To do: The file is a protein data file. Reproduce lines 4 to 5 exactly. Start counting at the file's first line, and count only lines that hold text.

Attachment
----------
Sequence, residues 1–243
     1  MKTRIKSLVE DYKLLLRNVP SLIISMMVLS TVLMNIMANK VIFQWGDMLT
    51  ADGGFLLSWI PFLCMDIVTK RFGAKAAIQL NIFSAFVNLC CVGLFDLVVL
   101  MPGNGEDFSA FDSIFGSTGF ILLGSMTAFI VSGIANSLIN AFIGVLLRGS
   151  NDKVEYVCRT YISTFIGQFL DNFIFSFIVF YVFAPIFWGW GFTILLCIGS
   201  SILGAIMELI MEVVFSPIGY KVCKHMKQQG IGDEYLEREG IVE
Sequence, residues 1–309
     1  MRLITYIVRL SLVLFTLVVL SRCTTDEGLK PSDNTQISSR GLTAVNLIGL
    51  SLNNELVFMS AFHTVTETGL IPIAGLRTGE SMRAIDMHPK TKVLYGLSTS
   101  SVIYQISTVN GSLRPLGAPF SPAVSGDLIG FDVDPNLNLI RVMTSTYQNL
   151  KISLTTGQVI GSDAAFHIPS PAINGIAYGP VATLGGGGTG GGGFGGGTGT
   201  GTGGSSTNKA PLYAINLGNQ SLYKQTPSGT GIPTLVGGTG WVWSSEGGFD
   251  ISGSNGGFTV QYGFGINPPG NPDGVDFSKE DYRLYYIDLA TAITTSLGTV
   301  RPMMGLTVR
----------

   101  MPGNGEDFSA FDSIFGSTGF ILLGSMTAFI VSGIANSLIN AFIGVLLRGS
   151  NDKVEYVCRT YISTFIGQFL DNFIFSFIVF YVFAPIFWGW GFTILLCIGS